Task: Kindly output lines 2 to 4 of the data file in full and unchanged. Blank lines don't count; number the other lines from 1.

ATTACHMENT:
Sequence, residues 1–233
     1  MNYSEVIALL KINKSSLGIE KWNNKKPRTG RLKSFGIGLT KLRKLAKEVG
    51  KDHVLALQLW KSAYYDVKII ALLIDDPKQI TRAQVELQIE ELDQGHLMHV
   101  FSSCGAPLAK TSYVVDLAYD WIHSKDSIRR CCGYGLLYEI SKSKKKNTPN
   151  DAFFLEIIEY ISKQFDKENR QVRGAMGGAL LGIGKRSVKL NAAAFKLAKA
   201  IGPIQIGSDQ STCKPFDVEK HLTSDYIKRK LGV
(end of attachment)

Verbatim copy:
     1  MNYSEVIALL KINKSSLGIE KWNNKKPRTG RLKSFGIGLT KLRKLAKEVG
    51  KDHVLALQLW KSAYYDVKII ALLIDDPKQI TRAQVELQIE ELDQGHLMHV
   101  FSSCGAPLAK TSYVVDLAYD WIHSKDSIRR CCGYGLLYEI SKSKKKNTPN